The new Comprehensive and Progressive Agreement for the Trans-Pacific Partnership has a direct impact on Vancouver, which hosts Canada’s largest port.
About $1 in every $3 of what Canada imports and exports beyond North America goes through the Port of Vancouver, and that number is sure to grow with the new trade deal, not to mention the end of NAFTA should that come to pass.
The very significant majority of the additional trade as a result of this new agreement will come via containers, part of a worldwide trend that has favoured their efficiency since they were introduced in the 1950s.
In Vancouver, those containers will leave loaded with Canadian grain, lumber and food products, among other goods. They’ll come back filled with appliances, clothing and other consumer products, as well as auto parts and other manufactured goods.
The resulting challenge for the Vancouver Fraser Port Authority becomes how to manage that growth in the densely populated Lower Mainland, respecting the impact on local communities of more rail and truck traffic, and protecting the environment after necessary project development.
To quote federal Transport Minister Marc Garneau: “We must remember that we can have the best-quality products and the most-ambitious trade agreements in the world, but none of that will matter if we don’t move our goods efficiently and reliably to markets.”
Upgrades to Canada’s largest container terminal, Deltaport, and other terminals to increase their efficiency and reduce their environmental footprint, are complete or underway. Roadways have been improved, including the South Fraser Perimeter Road and North Vancouver’s Low Level Road, to address increased traffic, including to and from the port. Overpasses in Langley and other communities have been built to avoid train crossings and reduce train noise, and a number of similar projects have been put forward for funding from the federal government’s National Trade Corridor Fund.
However, even with all those upgrades to existing terminals, as well as the work underway to handle more containers at Canada’s other major West Coast port in Prince Rupert, independent expert forecasts show it won’t be enough to manage Canada’s future trade demand.
The port authority began studying how best to address the pending shortfall in the late 1990s. Since then, guided by regularly updated, third-party expert forecasts, we’ve determined that Canada needs a new container terminal on the West Coast.
Unfortunately, there is no available land on which to build a new marine container terminal, and therefore new land needs to be created as has been done in many other ports around the world.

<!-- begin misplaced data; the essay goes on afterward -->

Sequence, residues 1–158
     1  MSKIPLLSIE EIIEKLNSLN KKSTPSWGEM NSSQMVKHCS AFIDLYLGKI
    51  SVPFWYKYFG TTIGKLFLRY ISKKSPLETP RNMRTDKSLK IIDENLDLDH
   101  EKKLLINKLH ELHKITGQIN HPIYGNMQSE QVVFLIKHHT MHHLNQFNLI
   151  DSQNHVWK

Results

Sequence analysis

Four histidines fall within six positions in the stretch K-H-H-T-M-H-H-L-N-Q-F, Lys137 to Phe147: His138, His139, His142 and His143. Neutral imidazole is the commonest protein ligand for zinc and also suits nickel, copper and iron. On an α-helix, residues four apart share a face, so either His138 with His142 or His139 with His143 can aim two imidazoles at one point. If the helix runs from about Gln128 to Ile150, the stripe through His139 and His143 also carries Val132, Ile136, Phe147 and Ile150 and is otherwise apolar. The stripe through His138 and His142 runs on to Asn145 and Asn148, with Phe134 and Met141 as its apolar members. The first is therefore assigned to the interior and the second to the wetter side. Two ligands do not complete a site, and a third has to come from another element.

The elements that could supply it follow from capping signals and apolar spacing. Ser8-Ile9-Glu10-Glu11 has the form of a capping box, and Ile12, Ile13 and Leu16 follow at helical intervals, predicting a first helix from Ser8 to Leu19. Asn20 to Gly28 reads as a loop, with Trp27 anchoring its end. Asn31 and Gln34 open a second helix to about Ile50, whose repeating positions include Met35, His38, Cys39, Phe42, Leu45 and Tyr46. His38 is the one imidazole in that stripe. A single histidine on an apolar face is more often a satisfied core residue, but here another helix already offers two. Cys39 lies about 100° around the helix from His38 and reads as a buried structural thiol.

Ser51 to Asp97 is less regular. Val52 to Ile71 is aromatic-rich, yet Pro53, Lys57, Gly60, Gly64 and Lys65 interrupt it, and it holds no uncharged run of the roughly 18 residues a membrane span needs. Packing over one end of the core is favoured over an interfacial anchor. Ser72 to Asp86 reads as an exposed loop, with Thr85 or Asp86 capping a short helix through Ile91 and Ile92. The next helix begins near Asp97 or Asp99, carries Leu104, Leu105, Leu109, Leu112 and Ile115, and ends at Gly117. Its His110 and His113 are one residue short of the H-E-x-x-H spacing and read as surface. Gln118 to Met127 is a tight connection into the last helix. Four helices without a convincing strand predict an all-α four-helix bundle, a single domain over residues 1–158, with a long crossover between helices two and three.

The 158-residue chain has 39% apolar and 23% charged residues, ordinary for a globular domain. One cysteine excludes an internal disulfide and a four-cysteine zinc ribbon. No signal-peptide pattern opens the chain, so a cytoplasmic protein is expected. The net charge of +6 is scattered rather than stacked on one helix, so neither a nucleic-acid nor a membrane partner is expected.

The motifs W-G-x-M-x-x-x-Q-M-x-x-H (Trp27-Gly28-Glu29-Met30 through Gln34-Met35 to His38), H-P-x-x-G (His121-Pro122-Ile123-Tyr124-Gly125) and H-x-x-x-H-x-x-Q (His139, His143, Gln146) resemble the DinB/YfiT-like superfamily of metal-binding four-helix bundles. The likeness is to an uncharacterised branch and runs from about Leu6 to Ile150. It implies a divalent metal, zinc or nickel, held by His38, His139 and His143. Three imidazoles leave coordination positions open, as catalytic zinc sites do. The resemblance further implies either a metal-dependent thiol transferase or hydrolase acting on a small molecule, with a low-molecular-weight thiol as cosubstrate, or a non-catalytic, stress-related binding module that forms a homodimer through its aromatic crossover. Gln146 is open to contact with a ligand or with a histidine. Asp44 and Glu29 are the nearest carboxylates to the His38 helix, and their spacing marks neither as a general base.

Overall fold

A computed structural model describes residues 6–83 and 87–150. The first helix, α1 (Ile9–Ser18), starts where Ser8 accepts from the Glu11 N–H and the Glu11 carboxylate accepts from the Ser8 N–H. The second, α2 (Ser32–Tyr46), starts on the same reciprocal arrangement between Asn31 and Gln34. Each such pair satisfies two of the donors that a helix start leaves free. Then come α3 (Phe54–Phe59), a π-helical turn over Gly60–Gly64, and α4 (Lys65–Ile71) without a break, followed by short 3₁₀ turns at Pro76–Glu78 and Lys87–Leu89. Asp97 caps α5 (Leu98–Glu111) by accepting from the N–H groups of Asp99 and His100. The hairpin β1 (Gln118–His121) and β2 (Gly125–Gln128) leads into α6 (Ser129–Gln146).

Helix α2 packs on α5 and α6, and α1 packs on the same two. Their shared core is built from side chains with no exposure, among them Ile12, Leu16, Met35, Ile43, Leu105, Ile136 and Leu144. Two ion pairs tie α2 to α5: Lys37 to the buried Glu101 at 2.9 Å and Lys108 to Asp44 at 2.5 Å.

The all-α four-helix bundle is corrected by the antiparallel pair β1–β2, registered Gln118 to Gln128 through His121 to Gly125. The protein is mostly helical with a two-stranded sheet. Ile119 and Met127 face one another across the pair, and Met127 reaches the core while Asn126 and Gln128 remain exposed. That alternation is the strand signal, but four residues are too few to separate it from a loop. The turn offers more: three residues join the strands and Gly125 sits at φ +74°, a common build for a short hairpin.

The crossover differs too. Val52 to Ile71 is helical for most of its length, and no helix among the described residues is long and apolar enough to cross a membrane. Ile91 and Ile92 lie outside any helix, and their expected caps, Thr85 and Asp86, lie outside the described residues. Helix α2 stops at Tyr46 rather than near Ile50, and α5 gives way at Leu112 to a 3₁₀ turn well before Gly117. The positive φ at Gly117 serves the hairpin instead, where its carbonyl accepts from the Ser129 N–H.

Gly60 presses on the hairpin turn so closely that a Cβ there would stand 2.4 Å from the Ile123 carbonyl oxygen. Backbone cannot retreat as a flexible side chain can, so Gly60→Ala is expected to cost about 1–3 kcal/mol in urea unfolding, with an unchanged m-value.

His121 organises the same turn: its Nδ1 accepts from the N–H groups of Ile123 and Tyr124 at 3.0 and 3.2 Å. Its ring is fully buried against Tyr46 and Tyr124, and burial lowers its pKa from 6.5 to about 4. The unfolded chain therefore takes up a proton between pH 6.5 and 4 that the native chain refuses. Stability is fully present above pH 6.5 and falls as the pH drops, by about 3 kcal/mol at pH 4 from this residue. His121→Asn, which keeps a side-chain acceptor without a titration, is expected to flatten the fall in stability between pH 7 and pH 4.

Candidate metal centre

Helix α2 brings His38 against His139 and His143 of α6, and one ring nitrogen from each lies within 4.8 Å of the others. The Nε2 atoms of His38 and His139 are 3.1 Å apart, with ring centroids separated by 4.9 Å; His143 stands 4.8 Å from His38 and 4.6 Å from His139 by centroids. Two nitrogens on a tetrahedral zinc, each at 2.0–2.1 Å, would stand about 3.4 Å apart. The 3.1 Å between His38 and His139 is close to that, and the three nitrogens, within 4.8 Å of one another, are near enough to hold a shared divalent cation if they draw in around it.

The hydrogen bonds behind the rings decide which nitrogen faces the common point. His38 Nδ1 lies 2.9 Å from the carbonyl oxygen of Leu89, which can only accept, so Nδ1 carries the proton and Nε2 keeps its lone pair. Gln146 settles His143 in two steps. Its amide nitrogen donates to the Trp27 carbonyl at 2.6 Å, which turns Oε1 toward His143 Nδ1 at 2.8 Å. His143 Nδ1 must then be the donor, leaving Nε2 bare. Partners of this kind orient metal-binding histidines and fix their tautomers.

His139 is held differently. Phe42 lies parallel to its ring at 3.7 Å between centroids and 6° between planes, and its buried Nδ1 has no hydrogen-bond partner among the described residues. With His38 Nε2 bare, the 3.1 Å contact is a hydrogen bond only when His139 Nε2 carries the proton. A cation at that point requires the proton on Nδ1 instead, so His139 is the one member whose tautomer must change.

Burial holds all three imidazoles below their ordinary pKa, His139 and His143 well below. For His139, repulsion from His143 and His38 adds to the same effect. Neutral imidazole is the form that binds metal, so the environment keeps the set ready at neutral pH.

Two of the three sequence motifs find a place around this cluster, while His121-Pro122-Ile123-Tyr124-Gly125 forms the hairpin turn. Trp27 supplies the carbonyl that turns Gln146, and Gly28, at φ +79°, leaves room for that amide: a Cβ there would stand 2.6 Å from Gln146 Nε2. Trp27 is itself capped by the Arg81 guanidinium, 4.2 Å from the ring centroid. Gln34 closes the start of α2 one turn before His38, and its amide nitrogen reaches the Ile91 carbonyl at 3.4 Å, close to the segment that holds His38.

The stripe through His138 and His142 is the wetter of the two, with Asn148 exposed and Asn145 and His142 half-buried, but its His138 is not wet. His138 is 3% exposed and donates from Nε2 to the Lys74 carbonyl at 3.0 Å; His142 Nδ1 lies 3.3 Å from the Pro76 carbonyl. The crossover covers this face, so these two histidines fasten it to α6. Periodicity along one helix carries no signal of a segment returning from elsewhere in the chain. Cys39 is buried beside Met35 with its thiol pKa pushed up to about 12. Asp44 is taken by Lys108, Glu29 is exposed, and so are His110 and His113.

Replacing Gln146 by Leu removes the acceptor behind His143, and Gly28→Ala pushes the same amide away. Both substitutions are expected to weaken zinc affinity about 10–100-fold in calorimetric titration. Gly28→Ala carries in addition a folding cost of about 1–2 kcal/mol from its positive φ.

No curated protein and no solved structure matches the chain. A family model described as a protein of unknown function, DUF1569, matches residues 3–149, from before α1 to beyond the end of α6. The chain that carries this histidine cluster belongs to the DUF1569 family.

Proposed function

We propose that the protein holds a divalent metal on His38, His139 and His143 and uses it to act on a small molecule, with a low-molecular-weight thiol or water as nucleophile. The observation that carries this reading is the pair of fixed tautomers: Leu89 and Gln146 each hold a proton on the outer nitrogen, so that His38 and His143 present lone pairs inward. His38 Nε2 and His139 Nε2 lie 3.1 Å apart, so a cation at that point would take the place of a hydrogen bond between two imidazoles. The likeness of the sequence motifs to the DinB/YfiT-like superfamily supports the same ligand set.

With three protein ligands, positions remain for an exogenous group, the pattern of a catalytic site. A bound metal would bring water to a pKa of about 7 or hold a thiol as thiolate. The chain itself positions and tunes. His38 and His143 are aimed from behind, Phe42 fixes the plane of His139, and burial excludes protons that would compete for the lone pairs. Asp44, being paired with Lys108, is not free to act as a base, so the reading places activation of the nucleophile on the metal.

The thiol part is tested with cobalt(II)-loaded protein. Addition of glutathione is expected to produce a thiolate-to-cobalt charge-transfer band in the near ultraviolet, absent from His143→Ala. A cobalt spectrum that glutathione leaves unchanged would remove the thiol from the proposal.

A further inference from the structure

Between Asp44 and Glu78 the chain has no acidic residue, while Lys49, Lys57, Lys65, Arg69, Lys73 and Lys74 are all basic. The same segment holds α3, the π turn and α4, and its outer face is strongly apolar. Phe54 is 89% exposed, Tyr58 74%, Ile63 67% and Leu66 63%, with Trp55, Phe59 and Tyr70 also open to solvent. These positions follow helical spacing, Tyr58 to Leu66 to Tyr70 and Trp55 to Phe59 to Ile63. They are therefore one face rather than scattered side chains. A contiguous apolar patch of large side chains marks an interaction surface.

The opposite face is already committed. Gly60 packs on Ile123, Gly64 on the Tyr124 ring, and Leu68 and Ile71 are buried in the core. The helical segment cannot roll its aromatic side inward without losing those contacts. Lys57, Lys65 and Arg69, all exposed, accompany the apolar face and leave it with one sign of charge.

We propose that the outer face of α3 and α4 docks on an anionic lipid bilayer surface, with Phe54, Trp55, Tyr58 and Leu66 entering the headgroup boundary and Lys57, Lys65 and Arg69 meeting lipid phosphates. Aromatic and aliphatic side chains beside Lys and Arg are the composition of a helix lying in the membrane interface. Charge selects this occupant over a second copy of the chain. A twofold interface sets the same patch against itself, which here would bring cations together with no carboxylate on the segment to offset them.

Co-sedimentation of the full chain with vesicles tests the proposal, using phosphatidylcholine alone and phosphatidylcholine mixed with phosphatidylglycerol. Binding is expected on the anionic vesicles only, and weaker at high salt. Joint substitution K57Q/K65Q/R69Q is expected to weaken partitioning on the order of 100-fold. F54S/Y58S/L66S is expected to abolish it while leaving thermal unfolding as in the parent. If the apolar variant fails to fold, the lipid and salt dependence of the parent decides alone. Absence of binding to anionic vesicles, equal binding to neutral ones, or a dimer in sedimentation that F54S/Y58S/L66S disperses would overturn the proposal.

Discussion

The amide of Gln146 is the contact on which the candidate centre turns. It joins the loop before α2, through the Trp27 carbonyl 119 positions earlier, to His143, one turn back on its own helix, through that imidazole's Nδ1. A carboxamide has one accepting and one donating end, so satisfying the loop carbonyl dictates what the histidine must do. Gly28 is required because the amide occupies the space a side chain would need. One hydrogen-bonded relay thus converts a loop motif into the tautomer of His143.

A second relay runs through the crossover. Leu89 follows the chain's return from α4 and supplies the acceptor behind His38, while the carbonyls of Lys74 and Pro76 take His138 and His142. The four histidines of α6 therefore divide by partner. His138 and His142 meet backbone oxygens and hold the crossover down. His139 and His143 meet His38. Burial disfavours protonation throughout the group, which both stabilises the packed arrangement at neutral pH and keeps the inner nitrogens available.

After several years of early planning and over six years of environmental research and engineering study, we have determined the best place to locate a new container terminal is next to the port’s Westshore terminal at Roberts Bank. The location already has the needed road and rail connections, and the proposed terminal can be situated in deep ocean waters to the minimize impact on sensitive ecosystems in the Fraser delta, such as eel grass that provides habitat for Chinook salmon and crab-rearing beds closer to shore.
The land base for the proposed Roberts Bank Terminal 2 Project will be mainly created from sand that is released from the Fraser River each spring during freshet and has to be removed to keep the river from overflowing and the channel open for vessels.
The terminal would feature some automation and provide about 1,500 new jobs, as well as another 11,000 trucking, warehousing and other jobs off the terminal. It wouldn’t require taxpayer funding, since the port authority is financially self-sustaining despite its federal parentage.
The Terminal 2 project is undergoing a review by an independent panel appointed by the federal minister of environment and climate change. The panel will challenge the environmental science, assess if, after mitigation, the project is likely to have a significant environmental effect and provide recommendations to the minister.
If approved, the new terminal will be built just in time to manage all those new containers being shipped to and from our nation.
Robin Silvester is president and chief executive officer of the Vancouver Fraser Port Authority.
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